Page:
Hey guys, I’m Melissa Lee. My husband Aaron and I are the NW Regional Youth Task Force Leaders. That is a mouth full so we’ve shortened it to NWRYTFL. You got that? We’ve been doing this for just a few years. We’re working our hardest to get our youth leaders in our region connected and planning events (with a huge team of course). We are new to Everett, Wa and are excited to see what God has planned for us here. We previously were at the Yakima Vineyard where we were youth leaders for seven years. Now, I know seven years is a long time…. but I also know there are leaders in our movement that have been doing this much longer than us. So I’m going to offer my story and thoughts on team building but also know I have lots to learn. If you have something to add, please do.

Team building is such an important part of any ministry. Whether starting a team from scratch or strengthening a current team it’s so important to have a group of trustworthy people working towards a common goal. Team building for me has looked different based on where I am in ministry, my season of life and my team.

When we started leading youth we were in our early twenties. Newly married with no kids, we were bright eyed and bushy tailed (not a bad place to be). We had never been in charge of a ministry before. It was us and about 30 kids and we had no idea what we were doing (ahhh!). It was very obvious that we needed more volunteers. We went through a season of short term helpers, saying yes to anyone that showed interest with youth. We were desperate!

We learned through these short term volunteers that when people asked to be apart of our team, we asked them to start by just showing up. Once they came for a couple weeks and had prayerfully considered if they would fit with our group then we invited them to stay. If they never showed up, or just came once or twice, then we saved our youth and ourselves from gaining/losing new leadership frequently.

This was followed by a season of just us showing up each week. Just showing up is a huge deal, in my opinion. In order to lead (become friends, grow together) you kinda have to be there. We didn’t have any programs in place or team supporting us, but we were growing deep relationships with our friends/youth. Some of these relationships have lasted over seven years. I believe that Jesus takes what we have to offer and he multiplies it. This was a hard season in our lives but looking back I can see it was an invaluable season of deep growth between us and our youth.

About five years into leading we had grown a core team of about six leaders. I say “we had grown” (ha) what I mean is six people committed to helping us and we said “Yes!” and “Thank you!”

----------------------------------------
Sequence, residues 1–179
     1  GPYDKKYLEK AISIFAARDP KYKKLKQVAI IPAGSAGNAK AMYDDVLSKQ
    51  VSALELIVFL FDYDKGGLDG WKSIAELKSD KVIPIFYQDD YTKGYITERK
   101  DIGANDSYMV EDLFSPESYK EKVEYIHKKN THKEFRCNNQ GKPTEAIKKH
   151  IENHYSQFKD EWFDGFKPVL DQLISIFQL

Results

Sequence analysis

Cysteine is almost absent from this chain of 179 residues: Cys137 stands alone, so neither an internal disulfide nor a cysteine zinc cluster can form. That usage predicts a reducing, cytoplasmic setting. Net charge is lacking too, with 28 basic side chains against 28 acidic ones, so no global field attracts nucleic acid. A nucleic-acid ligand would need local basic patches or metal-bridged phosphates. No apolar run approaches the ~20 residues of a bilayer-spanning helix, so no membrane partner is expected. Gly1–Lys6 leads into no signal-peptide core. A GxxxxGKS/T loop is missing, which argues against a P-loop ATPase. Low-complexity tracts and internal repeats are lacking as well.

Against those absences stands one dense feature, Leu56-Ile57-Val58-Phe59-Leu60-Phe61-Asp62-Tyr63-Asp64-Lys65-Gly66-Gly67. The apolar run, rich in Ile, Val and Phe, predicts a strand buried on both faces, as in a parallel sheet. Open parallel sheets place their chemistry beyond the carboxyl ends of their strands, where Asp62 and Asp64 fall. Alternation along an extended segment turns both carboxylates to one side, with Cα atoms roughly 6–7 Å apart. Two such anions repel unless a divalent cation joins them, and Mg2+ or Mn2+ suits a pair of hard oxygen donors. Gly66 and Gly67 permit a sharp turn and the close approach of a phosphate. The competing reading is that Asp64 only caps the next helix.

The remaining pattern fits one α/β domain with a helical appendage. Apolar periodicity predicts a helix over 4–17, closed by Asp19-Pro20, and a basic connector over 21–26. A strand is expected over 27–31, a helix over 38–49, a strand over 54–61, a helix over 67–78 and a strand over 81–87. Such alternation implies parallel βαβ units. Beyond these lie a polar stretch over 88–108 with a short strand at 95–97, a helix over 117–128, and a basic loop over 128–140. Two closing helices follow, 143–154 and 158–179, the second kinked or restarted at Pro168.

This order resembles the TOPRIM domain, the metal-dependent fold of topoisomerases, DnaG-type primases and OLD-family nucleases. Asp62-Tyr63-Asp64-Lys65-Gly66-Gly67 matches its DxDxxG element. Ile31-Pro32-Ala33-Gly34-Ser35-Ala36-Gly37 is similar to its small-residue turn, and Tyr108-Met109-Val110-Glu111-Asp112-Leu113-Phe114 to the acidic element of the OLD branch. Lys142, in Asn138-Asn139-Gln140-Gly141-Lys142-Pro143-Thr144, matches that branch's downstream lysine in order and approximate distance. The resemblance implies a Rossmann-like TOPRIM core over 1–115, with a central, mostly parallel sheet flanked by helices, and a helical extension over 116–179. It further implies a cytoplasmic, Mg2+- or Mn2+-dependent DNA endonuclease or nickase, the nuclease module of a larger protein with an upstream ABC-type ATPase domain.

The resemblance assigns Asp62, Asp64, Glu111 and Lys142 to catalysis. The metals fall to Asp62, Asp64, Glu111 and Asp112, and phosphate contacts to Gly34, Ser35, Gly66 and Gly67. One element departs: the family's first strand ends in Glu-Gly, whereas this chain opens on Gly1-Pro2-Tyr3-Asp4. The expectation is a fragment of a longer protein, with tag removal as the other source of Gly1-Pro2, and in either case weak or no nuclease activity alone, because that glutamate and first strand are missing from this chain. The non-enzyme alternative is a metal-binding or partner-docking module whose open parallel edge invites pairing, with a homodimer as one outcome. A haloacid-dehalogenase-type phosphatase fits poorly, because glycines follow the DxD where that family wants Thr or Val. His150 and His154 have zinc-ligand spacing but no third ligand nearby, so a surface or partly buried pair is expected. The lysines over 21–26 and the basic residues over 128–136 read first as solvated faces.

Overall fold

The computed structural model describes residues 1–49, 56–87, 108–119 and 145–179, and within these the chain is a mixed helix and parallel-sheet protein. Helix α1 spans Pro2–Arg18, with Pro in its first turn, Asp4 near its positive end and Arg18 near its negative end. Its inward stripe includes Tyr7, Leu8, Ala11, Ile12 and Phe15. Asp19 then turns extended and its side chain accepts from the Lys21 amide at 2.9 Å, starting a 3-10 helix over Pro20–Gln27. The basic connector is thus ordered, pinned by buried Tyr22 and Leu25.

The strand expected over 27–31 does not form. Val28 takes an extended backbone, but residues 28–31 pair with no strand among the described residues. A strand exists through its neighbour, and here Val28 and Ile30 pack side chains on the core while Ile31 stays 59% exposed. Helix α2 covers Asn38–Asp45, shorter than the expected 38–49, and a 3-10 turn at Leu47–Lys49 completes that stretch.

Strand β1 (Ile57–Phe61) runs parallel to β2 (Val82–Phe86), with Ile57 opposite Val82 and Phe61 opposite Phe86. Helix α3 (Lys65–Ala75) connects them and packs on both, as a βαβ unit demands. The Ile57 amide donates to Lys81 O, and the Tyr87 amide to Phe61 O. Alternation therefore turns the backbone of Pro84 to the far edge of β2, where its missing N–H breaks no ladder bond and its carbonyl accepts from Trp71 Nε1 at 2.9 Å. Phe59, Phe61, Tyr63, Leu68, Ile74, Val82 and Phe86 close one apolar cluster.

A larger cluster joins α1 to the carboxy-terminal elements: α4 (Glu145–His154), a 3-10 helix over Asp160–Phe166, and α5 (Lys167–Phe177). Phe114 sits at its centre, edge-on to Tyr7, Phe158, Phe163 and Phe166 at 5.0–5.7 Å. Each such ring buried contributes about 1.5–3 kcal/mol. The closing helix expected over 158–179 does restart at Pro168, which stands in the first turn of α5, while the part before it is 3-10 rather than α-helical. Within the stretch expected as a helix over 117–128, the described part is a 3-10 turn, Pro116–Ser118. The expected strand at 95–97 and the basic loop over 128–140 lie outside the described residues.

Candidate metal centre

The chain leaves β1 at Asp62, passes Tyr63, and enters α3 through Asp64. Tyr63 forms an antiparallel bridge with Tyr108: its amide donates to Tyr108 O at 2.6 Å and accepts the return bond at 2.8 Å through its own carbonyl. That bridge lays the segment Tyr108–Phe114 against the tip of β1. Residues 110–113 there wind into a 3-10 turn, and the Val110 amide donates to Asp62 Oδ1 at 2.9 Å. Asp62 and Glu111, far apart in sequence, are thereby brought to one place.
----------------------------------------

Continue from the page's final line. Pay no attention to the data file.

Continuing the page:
We quickly realized we wanted to care for this core team we were beginning to love. We wanted them to know how valuable they were to us. This really was the best season of ministry for us. Not only were we hanging out with our youth we were doing it with a close-knit team of friends. Our leaders meetings centered around a meal and prayer for one another with a small agenda at the end (minuscule maybe?). A lot of business can be taken care of over text or email, but deep relationship cannot.

We wanted a place where we could care for our leaders. It turned into a place that we received care as well. There was a point in this group when I remember being asked if I wanted prayer for anything. I felt an important invitation: my friends want to know me deeper and help hold the weight of my life. What a beautiful turning point for our group. There is something in reciprocation that tightens a group. I know our group became closer because of shared vulnerability and care. When you are brave enough to be known and loved; a thin, holy place is created.

I’ve also had the privilege of being a part of teams that are diverse, caring and driven. Rose Swetman, the NW Regional Leader has done a phenomenal job of building a regional team that is just that. She has invited others to the group that are different from her. I have watched her listen and lead this group with grace and wisdom. She has shown me that who we invite to the table is important. We need to challenge one another with love and kindness. Rose does this well.

I asked Jimmy John Morris, our pastor when we were leading youth about team building and he had some great things to say. He’s very qualified, trust me. I asked him how he goes about team building, he said his first job is to ask questions and listen to his team. Meeting inside and outside of church, often around meals, he said “more happens at a meal than we know.” Jimmy John said he is always advocating for his team. This means helping his team get the resources (money, time up front, volunteers) they need to be successful. He casts vision and sets defined goals, while giving the work back to the group. He is giving them space to work on things together and watching for leaders that will eventually take his place, who he can “pass the baton” to.

We are better together, I’d love comments and resources!

What has been your biggest success in team building? Do you have wisdom to share with us?

Is there anything you learned through a mistake that you found valuable?


Melissa Lee
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